The head of the UK's International Development Committee criticised the government for cutting aid funding for girls' education by at least 40 per cent.
IDC chairwoman Sarah Champion also accused the government of hiding the true figures.
Politicians on the IDC, which scrutinises spending by the Department for International Development, repeatedly wrote to Foreign Secretary Dominic Raab asking for more transparency and clarity as to how the figures compare with those of previous years.
“It is ridiculous that the government trumpets its commitment to girls’ education but then appears to cut the programmes in this area by 40 per cent,” Ms Champion said.
“But it could be even worse than this – we don’t know because the government won’t give us the figures when we repeatedly ask.
“We’ve been given a mishmash of numbers and percentages which just don’t add up.”
The IDC also called for more information on the overall cut in foreign aid from 0.7 per cent of annual UK income to 0.5 per cent.
It said it cannot do its job of scrutinising foreign aid programmes because the government appears to be hiding the detail of its spending plans.
“Our duty as MPs on the International Development Committee is to scrutinise the spending of taxpayers’ money so it helps reduce poverty, making the world a better place for us all,” Ms Champion said.
“But to do this we need the government to tell us how much it is spending, where and on what. The government appears to be hiding this very basic information.
“What we can see is that the overall cut in overseas aid spending – from 0.7 per cent of national income to 0.5 per cent – is roughly the same as an increase, at the same time, for defence spending. Why is one affordable and the other not?”
Girls' education is one of seven priority areas for UK Official Development Assistance spending, for which £400 million ($567m) was allotted for the year 2021-2022.
This figure was announced in a written ministerial statement and contained in a letter to the IDC from Mr Raab last month.
He agreed to clarify how the figure compares with those of previous years, but the IDC said it has not received a response.
Baroness Liz Sugg, who previously worked at the DFID, challenged Mr Raab last month to confirm the education budget had been cut by 40 per cent. He did not contradict the information in his response.
“Every girl and boy deserves a quality education,” Ms Sugg said on Twitter.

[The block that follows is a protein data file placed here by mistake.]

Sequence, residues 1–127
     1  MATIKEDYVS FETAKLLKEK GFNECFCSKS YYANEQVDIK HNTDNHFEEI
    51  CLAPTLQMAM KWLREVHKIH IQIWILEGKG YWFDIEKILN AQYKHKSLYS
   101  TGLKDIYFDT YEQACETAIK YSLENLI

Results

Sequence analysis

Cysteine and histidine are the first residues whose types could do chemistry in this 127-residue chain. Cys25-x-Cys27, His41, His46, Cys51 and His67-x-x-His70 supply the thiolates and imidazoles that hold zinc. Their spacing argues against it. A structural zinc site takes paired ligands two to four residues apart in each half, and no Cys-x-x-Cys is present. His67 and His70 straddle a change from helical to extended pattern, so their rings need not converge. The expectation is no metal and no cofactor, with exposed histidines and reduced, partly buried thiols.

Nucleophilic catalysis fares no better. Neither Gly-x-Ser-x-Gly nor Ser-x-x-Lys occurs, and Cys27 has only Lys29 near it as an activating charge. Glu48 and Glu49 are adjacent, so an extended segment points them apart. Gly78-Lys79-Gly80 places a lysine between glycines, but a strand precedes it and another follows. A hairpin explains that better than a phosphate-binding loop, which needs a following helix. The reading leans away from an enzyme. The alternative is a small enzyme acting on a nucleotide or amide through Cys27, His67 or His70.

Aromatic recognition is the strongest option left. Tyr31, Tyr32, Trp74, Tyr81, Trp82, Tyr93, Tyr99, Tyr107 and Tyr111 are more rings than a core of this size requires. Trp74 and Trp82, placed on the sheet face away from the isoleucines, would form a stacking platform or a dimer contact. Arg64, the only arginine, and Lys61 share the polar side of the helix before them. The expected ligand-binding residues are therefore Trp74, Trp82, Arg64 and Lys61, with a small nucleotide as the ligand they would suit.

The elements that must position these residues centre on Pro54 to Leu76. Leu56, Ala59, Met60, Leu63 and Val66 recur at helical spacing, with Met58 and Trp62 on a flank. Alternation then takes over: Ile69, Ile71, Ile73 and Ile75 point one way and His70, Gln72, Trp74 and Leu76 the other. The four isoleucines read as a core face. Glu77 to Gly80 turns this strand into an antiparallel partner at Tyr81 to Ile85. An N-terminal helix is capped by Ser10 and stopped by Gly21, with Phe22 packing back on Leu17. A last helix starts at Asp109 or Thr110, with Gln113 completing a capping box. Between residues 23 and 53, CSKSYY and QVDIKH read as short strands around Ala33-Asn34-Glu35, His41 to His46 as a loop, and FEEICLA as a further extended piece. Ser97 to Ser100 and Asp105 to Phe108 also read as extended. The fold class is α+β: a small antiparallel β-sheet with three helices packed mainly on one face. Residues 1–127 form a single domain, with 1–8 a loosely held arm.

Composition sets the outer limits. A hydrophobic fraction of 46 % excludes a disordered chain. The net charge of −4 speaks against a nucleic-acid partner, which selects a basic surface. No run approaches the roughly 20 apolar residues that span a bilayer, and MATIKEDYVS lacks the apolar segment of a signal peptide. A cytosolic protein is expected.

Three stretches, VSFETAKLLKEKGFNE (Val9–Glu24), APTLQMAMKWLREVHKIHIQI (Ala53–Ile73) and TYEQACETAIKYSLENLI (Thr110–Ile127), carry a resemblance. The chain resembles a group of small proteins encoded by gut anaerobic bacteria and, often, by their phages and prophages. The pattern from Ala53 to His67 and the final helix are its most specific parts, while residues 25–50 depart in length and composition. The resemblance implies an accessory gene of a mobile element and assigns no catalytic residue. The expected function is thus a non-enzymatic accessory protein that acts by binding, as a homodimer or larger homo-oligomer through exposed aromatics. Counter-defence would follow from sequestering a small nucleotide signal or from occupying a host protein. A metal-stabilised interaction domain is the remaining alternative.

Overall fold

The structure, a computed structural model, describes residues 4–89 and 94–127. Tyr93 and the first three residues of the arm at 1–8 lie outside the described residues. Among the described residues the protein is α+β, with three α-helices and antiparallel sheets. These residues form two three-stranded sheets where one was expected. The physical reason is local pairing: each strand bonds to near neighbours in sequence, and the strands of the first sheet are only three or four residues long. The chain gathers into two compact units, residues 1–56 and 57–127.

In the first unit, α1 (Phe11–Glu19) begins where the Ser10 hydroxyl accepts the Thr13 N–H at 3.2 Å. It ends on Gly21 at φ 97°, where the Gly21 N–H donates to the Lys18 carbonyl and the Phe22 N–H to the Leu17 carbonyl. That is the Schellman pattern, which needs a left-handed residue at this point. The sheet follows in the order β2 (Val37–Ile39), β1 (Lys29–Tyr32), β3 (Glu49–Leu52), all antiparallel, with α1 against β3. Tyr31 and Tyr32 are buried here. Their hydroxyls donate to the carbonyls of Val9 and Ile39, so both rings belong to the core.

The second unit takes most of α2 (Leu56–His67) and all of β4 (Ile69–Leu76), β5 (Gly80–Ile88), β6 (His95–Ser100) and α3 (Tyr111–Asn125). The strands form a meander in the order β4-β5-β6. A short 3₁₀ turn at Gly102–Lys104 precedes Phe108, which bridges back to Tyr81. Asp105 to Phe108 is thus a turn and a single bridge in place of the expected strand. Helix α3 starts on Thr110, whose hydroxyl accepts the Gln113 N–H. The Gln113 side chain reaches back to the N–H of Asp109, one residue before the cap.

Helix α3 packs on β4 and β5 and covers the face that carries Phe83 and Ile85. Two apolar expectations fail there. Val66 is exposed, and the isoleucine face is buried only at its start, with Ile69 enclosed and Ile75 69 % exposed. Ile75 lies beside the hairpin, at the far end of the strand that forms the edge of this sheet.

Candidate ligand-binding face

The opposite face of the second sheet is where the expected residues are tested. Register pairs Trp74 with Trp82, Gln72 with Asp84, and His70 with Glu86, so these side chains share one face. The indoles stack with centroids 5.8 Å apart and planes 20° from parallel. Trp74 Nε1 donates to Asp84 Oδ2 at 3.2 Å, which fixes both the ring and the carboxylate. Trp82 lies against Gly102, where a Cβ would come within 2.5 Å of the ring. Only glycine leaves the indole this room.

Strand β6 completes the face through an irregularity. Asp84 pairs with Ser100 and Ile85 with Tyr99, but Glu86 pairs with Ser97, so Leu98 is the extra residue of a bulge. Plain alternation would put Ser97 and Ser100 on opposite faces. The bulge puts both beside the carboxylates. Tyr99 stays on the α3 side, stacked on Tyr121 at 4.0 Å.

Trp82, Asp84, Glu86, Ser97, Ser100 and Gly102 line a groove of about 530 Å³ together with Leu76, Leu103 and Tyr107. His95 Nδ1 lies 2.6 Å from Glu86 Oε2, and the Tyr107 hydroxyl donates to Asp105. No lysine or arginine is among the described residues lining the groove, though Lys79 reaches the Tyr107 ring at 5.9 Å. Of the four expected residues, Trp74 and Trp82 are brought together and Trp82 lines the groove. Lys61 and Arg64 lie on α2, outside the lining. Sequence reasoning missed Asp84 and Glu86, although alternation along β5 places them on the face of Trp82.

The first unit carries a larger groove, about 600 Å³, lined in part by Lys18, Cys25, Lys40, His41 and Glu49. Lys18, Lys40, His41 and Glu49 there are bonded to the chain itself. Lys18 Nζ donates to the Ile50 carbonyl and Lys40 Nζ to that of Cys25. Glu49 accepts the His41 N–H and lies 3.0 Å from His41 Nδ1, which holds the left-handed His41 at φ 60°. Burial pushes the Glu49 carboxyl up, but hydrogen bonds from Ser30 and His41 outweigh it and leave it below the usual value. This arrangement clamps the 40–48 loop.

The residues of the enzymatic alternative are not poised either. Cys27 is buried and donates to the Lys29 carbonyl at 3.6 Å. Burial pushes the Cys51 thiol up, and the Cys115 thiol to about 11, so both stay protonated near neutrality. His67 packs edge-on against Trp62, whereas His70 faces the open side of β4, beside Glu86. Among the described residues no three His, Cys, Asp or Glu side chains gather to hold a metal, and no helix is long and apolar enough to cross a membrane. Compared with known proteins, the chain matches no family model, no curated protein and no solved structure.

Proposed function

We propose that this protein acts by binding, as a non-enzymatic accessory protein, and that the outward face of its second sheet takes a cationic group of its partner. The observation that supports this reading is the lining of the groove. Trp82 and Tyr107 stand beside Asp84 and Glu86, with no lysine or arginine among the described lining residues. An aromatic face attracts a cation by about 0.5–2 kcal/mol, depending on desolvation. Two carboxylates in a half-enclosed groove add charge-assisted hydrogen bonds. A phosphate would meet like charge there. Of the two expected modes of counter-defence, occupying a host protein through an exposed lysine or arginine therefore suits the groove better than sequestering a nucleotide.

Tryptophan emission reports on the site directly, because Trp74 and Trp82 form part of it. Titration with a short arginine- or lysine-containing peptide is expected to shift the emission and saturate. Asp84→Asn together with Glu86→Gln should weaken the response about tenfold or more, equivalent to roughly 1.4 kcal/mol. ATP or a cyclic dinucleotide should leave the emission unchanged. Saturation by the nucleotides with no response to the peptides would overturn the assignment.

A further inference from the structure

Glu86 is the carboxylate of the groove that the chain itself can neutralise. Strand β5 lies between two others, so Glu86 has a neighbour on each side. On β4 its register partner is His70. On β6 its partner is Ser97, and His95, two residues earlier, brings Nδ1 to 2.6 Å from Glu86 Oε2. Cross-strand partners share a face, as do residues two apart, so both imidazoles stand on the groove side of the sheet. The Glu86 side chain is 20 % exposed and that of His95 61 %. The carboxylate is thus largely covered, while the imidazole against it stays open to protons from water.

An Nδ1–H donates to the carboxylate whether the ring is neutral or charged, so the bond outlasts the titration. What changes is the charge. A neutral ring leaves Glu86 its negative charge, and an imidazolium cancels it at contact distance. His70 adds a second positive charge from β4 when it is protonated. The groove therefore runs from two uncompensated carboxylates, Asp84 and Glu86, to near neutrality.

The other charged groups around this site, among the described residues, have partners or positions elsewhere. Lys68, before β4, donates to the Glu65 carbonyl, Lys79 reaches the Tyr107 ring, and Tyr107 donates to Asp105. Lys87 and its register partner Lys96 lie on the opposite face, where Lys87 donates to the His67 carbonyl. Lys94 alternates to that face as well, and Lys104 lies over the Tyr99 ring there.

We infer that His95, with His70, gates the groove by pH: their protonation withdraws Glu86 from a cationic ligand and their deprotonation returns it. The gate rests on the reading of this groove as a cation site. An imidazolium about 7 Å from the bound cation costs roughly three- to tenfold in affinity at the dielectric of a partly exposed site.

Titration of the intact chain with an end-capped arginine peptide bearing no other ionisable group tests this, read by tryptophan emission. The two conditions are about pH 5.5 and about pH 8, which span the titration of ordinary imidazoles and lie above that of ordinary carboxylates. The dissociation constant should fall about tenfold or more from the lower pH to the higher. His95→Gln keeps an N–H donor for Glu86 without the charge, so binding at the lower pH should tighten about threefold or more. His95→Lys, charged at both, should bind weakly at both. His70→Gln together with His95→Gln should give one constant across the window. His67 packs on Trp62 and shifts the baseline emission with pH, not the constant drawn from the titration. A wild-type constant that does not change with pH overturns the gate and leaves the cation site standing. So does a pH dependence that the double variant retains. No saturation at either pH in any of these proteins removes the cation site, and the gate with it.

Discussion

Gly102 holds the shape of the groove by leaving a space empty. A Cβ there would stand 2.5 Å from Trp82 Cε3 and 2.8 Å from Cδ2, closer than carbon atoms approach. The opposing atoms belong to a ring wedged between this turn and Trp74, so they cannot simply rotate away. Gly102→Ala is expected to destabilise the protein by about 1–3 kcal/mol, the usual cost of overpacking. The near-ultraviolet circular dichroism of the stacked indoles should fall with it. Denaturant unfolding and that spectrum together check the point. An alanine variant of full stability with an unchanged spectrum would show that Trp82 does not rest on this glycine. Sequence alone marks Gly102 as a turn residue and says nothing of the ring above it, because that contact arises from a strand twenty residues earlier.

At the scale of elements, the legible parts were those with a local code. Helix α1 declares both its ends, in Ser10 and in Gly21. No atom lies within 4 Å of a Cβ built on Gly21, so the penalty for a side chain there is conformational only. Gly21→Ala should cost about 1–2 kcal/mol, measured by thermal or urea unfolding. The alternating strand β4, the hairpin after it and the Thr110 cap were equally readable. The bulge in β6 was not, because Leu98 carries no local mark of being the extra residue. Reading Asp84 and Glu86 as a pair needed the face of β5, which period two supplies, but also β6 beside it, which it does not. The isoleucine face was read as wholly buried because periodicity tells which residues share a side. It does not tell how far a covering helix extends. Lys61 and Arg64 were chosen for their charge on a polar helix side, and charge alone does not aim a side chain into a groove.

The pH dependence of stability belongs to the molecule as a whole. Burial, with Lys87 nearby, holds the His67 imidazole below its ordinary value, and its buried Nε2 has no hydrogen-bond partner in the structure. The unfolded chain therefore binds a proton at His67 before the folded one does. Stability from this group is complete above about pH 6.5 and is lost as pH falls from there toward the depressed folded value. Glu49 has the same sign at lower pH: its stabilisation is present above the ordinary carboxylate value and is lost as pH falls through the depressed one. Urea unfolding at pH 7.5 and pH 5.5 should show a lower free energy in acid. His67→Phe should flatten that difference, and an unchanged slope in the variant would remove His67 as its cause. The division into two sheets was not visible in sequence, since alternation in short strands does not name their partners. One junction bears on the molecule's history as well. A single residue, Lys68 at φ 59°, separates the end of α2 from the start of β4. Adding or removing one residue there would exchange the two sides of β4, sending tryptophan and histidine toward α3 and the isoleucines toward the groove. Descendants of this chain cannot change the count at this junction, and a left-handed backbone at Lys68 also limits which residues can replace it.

“Good to see girls’ education and gender on the agenda for the G7. But finding it difficult to square this rhetoric with the reality of the #UKAid cuts – education down 40 per cent, life-saving family planning down 85 per cent. The lives of millions of women and girls will be harder.”
A spokesperson for the UK Government told The National the decision was "tough but necessary".
“The UK has ambitious targets to get 40 million more girls into school and 20 million more girls reading by the age of 10, now adopted by the G7 under the UK’s Presidency," it said.
“While the seismic impact of the pandemic on the UK economy has forced us to take tough but necessary decisions, the UK aid budget this year will still be more than £10 billion and girls’ education remains a major priority for this government.
"We are working with suppliers and partners on what this means for individual programmes.”
Ms Champion’s latest letter to Mr Raab seeks clarification on points relating to ODA spending.
They include a breakdown of spending on direct aid to countries and aid provided to the UN and other external organisations.
Britain is also slashing funding for clean water and sanitation projects by 80 per cent and its aid to Africa will be reduced to a third of that provided two years ago.
Ms Sugg, who resigned from her post as foreign office minister last year when the aid cuts were announced, said the government planned to close its Women’s Integrated Sexual Health programme.
She said it would cut funding to the Reproductive Health Supplies Coalition by 70 per cent to 80 per cent.
Mr Raab is accused of trying to hide the impact of almost £4 billion ($5.67bn) in UK foreign aid cuts this year after refusing to publish individual countries' aid budgets.
Last month, Nobel prize winner and education campaigner Malala Yousafzai raised the alarm over Britain’s foreign aid cuts, and said they could hinder her drive to ensure girls were educated.
She told Prime Minister Boris Johnson she was “concerned he won’t reach his goal of helping 40 million girls go to school” unless Britain restores its commitment to spend 0.7 per cent of national income on foreign aid.